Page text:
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‘Sweat equity’ could give homes to poor

This article originally appeared in The Australian on 1/16/2015.

Read the article here.
New research to be presented to the Abbott government argues that a $20 million pilot program involving government, the priv­ate and community sectors could put 200 low-income families in home ownership and unlock the equivalent of $140m in value.
A new report by Equity Econo­mics, commissioned by Habit­at for Humanity Australia, reveals that new approaches to support social home ownership, land release and reforms in planning and zoning could improve the prospect of home ownership for families on low incomes.
Such a pilot could involve low-income families providing “sweat equity’’, in which they would work alongside community and corporate volunteers to keep the cost of new house builds lower.
It would also involve governments providing access to discounted land.
It says that creating new ways for low-income families to own their own home is critical to tackling Australia’s affordable-housing crisis and to reduce the reliance on the federal government’s billion-dollar rental subsidy program.
Struggling families are being forced to live in sub-standard and transitory accommodation — or are being left homeless — because of an estimated shortage of 553,000 affordable properties.
The fact that so many families are locked out of home ownership is being blamed for creating a massive intergenerational wealth gap in Australia.
The report cites some successful affordable-housing programs in Australian states as well as a US program that has run for more than a decade and has enabled 28,000 low-income families to own their homes.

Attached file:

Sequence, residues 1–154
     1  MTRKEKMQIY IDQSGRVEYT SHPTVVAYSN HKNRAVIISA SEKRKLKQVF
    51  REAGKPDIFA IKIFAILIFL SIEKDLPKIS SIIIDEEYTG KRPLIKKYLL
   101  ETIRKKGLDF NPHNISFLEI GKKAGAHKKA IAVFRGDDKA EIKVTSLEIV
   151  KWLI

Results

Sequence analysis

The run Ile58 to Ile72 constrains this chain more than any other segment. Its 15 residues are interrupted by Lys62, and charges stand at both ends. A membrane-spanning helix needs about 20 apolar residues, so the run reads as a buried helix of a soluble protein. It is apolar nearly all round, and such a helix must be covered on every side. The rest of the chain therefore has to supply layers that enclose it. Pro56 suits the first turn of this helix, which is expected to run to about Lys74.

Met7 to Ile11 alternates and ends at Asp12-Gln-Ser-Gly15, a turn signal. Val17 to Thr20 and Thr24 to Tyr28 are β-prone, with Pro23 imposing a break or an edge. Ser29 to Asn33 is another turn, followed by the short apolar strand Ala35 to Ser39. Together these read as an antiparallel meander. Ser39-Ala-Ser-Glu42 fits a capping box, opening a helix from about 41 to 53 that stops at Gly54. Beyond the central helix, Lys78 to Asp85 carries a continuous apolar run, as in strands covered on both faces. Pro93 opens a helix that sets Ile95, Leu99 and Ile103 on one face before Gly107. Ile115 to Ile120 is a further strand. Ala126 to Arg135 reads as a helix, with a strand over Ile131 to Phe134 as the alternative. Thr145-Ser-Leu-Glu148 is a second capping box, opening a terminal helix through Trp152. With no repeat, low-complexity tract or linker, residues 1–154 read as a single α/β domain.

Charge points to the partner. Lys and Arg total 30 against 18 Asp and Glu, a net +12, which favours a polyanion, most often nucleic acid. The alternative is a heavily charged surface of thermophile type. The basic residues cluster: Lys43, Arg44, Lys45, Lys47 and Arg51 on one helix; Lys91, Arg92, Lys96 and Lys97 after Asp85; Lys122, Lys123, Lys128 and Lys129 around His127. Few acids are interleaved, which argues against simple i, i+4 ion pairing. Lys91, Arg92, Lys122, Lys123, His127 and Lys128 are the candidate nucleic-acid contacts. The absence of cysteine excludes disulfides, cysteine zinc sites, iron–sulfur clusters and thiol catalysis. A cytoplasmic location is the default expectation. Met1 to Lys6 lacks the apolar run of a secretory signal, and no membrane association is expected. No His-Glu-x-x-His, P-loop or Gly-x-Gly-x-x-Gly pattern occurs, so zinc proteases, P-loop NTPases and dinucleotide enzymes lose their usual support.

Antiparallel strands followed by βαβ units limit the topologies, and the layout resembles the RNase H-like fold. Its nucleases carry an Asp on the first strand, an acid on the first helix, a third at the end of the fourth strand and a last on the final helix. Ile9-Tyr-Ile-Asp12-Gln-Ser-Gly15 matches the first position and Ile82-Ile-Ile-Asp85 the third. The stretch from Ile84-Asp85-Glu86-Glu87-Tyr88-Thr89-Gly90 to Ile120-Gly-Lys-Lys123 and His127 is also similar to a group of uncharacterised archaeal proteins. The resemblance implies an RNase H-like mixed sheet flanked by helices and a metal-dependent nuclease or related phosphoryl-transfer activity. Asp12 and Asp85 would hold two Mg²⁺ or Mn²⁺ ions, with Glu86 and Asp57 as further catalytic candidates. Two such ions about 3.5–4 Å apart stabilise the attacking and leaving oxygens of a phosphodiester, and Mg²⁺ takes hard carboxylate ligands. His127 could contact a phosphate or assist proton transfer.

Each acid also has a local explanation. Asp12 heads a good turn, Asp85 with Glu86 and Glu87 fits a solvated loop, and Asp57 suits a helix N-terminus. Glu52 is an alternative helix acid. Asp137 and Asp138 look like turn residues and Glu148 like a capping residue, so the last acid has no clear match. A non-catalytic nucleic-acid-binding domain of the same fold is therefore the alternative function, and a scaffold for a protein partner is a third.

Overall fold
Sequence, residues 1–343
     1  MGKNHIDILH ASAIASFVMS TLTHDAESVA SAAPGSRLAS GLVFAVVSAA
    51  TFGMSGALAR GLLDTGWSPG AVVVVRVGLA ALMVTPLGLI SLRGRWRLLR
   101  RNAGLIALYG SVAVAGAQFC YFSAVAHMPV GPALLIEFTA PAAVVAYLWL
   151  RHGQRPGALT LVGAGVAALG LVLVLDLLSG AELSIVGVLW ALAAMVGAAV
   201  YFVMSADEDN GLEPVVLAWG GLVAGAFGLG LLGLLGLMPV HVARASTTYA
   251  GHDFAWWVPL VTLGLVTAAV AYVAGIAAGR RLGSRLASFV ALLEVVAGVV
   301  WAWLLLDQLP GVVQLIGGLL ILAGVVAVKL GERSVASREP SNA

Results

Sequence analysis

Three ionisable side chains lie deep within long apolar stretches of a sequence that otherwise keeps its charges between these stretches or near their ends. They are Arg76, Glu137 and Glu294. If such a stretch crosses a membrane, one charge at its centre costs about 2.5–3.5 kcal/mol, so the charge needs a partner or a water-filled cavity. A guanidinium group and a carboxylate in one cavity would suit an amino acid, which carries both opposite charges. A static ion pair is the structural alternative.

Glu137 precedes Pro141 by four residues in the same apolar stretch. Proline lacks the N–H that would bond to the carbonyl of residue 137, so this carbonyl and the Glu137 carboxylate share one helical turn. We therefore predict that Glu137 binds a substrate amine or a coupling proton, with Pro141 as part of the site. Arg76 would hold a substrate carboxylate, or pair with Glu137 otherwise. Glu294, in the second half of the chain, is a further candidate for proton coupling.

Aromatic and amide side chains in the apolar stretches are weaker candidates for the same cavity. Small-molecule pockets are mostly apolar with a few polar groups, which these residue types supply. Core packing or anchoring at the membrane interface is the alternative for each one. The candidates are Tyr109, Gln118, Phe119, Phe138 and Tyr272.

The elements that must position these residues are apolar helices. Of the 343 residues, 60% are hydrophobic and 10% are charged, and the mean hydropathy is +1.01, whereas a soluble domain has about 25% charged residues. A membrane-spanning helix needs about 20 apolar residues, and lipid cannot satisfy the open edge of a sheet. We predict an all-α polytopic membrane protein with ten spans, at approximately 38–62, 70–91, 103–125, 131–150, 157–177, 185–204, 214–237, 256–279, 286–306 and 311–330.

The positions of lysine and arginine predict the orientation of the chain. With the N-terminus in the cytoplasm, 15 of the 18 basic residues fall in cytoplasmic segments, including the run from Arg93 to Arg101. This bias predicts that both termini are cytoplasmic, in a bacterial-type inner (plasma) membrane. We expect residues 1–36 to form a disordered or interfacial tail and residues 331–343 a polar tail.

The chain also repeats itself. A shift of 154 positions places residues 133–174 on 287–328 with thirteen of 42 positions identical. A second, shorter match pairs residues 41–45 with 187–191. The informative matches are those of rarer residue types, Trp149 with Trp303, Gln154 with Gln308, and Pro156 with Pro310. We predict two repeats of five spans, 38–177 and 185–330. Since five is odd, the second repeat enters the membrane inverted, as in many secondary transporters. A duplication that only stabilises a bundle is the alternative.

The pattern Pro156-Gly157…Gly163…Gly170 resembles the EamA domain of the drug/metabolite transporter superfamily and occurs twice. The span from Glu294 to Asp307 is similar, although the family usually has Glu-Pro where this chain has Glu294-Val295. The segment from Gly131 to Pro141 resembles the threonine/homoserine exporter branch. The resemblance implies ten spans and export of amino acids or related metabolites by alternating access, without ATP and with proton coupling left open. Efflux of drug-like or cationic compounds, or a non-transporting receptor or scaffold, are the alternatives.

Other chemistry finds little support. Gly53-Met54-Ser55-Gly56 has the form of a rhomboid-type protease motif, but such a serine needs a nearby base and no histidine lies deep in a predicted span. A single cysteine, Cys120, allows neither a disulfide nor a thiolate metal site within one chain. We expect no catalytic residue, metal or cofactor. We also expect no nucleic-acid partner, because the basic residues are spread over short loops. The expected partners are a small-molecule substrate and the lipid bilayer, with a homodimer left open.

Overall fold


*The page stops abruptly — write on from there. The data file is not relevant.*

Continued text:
It is estimated the American program returns $7 of impact for every $1 in government funding.
“We can make the dream of home ownership possible for poor families and we must if we want to give their children a safe, decent place to live and ensure we close the growing poverty gap in our nation,” said Habitat for Humanity chief executive Martin Thomas.
The chief executive of Equity Economics, Amanda Robbins, said: “Home ownership has played an important role in wealth accumulation in Australia, but for low-income families home ownership has typically been well beyond their reach.
“This not only impacts on their financial situation today but also excludes next generations from the benefits that come with home ownership.”
The report, Rediscovering the Great Australian Dream, finds that while public housing is ­critical to the “immediate and growing demand’’ for affordable housing, creating a better “social home ownership” model could also help tackle intergenerational poverty in Australia.
It finds that low- to moderate-income purchasers, buying in lower-priced suburbs where amenities are available, could still support wealth generation but also delivered greater stability such as fewer moves and ­better work and educational ­outcomes.

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